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Publication numberUS7867819 B2
Publication typeGrant
Application numberUS 11/965,702
Publication dateJan 11, 2011
Filing dateDec 27, 2007
Priority dateDec 27, 2007
Fee statusPaid
Also published asUS8373268, US20090166887, US20110095440, US20130157413
Publication number11965702, 965702, US 7867819 B2, US 7867819B2, US-B2-7867819, US7867819 B2, US7867819B2
InventorsSuresh Upadhyayula, Hem Takiar
Original AssigneeSandisk Corporation
Export CitationBiBTeX, EndNote, RefMan
External Links: USPTO, USPTO Assignment, Espacenet
Semiconductor package including flip chip controller at bottom of die stack
US 7867819 B2
Abstract
A semiconductor package including a plurality of stacked semiconductor die, and methods of forming the semiconductor package, are disclosed. In order to ease wirebonding requirements on the controller die, the controller die may be mounted directly to the substrate in a flip chip arrangement requiring no wire bonds or footprint outside of the controller die. Thereafter, a spacer layer may be affixed to the substrate around the controller die to provide a level surface on which to mount one or more flash memory die. The spacer layer may be provided in a variety of different configurations.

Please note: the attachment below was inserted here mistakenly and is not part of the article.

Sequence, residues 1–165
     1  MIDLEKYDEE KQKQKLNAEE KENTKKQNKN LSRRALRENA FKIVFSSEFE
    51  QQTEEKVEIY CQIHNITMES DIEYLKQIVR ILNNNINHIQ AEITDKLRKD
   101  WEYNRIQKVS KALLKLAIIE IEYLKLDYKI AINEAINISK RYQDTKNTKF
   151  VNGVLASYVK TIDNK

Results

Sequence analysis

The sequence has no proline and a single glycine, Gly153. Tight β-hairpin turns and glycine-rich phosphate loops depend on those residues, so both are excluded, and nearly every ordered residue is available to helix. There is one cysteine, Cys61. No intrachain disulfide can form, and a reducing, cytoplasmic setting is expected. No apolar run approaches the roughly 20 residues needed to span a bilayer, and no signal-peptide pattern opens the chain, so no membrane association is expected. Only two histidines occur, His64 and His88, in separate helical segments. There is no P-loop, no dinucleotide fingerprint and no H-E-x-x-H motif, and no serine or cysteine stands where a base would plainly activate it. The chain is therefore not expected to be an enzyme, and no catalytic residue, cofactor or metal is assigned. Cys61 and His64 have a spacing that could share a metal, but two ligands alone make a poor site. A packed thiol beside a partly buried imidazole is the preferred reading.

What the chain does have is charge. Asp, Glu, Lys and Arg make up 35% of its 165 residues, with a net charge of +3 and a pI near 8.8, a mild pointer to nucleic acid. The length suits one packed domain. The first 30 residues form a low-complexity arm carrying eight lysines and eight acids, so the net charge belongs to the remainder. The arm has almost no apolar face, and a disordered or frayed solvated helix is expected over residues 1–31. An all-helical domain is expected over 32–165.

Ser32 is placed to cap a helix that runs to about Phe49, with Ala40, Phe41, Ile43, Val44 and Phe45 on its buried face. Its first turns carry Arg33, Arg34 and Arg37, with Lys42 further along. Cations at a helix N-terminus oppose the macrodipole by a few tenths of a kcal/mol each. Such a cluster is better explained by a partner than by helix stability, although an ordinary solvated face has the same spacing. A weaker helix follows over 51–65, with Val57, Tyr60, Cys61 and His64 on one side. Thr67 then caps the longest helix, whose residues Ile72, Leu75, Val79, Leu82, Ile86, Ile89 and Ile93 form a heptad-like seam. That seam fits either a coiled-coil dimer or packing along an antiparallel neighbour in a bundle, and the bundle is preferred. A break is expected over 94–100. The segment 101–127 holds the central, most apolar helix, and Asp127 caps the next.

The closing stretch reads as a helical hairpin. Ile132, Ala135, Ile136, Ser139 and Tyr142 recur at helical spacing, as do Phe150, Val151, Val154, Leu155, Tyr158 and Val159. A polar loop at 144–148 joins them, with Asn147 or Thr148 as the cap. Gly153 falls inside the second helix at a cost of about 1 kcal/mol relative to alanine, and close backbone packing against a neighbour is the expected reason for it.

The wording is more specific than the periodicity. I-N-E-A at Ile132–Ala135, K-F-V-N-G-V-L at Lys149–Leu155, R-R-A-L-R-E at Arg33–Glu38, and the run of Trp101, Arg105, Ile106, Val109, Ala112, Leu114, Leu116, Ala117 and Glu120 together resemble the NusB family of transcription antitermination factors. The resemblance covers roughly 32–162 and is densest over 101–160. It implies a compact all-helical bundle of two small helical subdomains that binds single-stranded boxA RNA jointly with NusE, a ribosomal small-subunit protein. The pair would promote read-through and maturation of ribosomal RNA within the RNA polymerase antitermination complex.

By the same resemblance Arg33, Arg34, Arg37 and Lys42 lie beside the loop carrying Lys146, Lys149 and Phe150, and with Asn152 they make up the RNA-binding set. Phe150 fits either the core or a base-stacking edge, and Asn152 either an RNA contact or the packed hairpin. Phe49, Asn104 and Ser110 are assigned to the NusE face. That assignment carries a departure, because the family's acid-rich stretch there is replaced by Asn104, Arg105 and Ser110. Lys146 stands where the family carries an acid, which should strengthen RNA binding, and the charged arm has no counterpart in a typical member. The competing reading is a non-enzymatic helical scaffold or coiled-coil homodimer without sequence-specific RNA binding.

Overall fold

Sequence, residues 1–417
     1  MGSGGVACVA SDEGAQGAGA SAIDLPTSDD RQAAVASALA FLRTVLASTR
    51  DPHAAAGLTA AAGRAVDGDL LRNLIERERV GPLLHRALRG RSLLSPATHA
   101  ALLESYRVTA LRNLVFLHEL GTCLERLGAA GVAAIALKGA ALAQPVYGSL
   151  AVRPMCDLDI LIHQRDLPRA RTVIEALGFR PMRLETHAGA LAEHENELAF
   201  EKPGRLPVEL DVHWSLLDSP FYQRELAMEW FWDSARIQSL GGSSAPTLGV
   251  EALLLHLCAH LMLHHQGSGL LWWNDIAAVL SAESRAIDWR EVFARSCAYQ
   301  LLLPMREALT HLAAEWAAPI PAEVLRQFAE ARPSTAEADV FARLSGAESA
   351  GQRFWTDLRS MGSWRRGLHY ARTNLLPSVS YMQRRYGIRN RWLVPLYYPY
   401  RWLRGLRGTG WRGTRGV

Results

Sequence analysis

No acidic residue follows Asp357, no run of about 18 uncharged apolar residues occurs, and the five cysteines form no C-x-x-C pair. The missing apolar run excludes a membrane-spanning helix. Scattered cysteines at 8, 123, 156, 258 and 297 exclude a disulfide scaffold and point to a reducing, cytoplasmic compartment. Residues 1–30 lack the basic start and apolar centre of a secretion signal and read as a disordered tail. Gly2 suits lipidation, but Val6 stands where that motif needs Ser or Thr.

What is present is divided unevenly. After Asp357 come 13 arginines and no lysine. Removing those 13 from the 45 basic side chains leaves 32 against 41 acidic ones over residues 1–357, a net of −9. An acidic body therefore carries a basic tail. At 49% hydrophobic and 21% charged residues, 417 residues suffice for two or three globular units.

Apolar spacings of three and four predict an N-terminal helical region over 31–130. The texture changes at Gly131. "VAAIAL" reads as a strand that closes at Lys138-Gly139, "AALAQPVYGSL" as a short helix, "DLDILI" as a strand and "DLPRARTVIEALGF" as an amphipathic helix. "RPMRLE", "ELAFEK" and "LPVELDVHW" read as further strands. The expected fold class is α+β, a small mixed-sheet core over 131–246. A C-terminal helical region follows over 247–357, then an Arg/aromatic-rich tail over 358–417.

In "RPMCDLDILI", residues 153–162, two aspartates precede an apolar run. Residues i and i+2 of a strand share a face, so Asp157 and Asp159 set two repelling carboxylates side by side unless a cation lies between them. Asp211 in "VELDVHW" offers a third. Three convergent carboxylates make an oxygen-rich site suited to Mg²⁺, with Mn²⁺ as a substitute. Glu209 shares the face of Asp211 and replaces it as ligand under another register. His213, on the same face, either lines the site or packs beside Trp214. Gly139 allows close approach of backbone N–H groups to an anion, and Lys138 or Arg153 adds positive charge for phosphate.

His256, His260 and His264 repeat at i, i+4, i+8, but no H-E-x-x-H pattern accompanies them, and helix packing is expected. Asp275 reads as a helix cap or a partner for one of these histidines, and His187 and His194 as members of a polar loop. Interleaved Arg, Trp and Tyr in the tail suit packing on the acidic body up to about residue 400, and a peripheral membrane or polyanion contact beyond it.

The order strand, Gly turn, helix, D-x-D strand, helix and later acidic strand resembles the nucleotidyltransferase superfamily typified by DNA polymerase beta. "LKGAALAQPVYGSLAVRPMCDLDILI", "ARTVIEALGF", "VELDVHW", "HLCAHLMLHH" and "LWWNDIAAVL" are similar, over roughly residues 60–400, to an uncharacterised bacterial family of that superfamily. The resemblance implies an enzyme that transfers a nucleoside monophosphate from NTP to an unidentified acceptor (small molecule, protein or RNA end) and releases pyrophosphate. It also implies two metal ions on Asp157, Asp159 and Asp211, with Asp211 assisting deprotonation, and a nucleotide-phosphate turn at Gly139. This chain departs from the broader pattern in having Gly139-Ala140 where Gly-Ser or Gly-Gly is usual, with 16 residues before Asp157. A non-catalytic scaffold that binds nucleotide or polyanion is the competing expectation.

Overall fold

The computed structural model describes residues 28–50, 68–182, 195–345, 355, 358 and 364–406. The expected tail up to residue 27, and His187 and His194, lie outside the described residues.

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Claims(15)
1. A method of forming a semiconductor package, comprising the steps of:
(a) forming a conductance pattern on a surface of a substrate, the conductance pattern including a cluster of contact pads;
(b) affixing a controller die to the surface of the substrate in a flip chip arrangement with a cluster of die bond pads on the controller die electrically coupling with the cluster of contact pads on the substrate;
(c) affixing a first flash memory die directly to the surface of the substrate, the first flash memory die positioned next to the controller die;
(d) affixing at least a second flash memory die on top of the controller die and first flash memory die bonded in said steps (b) and (c);
(e) wirebonding the at least second flash memory die affixed in said step (d) to the substrate;
(f) encapsulating the flip chip controller die, the first flash memory die and the at least second flash memory die in a molding compound and wherein said step (c) comprises the step of wire bonding the first flash memory die to the substrate.